When Salma becomes pregnant before marriage in her small village in the Levant, her innocent days playing the pipe for her goats are gone forever. She is swept into prison for her own protection. To the sound of her screams, her newborn baby is snatched away.
In the middle of the most English of towns, Exeter, she learns good manners from her landlady, and settles down with an Englishman. But deep in her heart the cries of her baby still echo. When she can bear them no longer, she goes back to her village to find her. It is a journey that will change everything.
Slipping back and forth between the olive groves of the Levant and the rain-slicked pavements of Exeter, ‘Un té alla salvia per Salma’, in its English version ‘My Name is Salma’, is a searing portrayal of a woman’s courage in the face of insurmountable odds.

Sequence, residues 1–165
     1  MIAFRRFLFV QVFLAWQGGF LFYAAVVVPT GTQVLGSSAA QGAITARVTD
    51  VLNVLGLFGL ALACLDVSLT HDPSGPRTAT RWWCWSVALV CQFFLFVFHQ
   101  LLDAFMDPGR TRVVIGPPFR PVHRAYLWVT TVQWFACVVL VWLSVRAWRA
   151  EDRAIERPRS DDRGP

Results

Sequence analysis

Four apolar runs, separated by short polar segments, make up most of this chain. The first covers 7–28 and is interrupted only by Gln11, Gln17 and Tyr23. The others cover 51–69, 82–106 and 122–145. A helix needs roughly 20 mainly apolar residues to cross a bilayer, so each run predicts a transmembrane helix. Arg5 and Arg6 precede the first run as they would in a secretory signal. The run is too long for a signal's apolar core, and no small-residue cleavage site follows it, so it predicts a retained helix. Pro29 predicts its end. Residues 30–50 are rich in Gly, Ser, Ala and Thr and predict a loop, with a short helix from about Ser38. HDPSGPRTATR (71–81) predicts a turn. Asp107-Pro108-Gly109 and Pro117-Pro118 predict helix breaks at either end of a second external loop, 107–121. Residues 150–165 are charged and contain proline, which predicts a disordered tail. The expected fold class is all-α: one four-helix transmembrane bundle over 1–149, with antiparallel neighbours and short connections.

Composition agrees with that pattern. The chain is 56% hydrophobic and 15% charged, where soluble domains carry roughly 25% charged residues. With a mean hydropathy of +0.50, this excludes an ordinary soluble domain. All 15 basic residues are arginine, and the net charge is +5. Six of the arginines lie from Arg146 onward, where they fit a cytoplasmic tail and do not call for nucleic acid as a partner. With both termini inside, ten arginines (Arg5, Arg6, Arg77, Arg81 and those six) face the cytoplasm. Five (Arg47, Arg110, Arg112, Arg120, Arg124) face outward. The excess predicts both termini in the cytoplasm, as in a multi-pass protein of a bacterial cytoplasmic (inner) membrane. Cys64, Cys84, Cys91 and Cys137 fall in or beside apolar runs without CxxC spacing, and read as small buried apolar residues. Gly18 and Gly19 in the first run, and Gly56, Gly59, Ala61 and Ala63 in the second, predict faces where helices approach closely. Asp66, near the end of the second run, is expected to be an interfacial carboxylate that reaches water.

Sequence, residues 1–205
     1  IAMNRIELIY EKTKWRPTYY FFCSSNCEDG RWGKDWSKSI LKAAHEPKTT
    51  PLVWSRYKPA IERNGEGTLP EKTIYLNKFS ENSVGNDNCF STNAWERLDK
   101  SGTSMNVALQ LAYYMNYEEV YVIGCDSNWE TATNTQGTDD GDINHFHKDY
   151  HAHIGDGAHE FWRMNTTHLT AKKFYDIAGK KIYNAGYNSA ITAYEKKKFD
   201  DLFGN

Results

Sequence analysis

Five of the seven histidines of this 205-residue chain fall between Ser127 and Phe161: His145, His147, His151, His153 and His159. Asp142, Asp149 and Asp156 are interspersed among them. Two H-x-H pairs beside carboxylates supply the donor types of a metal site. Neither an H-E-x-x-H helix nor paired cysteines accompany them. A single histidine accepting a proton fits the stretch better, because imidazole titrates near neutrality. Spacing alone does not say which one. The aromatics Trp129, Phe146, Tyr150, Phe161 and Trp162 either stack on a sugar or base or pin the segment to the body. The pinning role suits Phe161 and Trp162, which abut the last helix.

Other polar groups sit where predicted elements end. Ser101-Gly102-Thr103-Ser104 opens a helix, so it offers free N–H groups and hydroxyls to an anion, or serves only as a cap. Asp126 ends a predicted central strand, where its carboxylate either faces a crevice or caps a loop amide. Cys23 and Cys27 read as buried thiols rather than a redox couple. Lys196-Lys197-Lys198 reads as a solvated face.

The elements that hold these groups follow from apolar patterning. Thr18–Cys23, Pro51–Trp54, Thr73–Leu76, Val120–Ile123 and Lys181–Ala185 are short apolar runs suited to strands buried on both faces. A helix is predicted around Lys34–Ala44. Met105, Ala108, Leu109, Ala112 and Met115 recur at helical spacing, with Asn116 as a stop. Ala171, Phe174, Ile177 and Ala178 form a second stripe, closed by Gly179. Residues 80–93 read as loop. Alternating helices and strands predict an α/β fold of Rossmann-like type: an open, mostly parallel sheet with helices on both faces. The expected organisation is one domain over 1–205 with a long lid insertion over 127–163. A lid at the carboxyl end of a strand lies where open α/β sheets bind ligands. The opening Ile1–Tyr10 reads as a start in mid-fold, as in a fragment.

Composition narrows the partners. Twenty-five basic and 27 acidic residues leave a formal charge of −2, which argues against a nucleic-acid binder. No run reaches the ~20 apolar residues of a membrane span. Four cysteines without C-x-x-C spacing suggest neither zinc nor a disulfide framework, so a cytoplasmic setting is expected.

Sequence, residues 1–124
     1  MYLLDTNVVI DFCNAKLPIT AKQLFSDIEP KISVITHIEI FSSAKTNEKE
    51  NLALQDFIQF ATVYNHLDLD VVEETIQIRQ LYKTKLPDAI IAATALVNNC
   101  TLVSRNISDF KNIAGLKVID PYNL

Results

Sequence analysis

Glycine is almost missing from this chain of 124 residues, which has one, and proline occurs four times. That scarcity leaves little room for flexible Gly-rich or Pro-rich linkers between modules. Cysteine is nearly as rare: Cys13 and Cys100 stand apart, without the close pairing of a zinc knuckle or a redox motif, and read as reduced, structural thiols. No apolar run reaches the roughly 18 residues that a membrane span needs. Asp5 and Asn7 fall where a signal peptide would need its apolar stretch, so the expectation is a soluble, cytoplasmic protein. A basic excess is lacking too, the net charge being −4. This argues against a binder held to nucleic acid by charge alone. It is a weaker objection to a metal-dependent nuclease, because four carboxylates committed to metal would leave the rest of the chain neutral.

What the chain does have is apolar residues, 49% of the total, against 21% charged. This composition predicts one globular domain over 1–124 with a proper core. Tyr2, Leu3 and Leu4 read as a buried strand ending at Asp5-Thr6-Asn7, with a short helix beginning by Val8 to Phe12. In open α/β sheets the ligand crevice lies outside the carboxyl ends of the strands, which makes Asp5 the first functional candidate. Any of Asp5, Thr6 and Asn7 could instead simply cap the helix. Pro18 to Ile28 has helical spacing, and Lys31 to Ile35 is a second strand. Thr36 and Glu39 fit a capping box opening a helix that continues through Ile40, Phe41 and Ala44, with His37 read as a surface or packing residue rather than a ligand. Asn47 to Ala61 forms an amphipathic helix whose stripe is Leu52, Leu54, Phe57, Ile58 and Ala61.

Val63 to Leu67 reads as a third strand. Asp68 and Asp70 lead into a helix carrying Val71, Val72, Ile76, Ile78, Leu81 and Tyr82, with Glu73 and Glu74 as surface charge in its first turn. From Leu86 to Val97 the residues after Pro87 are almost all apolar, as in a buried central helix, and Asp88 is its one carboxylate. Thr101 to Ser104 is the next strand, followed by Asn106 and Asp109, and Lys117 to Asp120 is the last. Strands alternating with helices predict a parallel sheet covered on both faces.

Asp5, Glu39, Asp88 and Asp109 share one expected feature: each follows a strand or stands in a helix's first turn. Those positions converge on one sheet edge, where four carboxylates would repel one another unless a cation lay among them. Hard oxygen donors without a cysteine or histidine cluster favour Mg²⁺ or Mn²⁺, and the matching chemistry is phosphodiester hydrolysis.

Just a hint at the plot of ‘Un té alla salvia per Salma’ to guess that it has nothing to do with the romance that paints an East of slow gestures and fascinating traditions. For the Anglo-Jordanian Fadia Faqir, a leading figure in the debate on the status of women in Islam, writing fiction is instead an investigation that goes “from politics to sexual discrimination, to the challenges of the human condition”. Her Salma, contradictory and melancholic, is the symbol “of the drama of emigration, of the destiny of motherhood and of the futility of every attempt to erase the past”.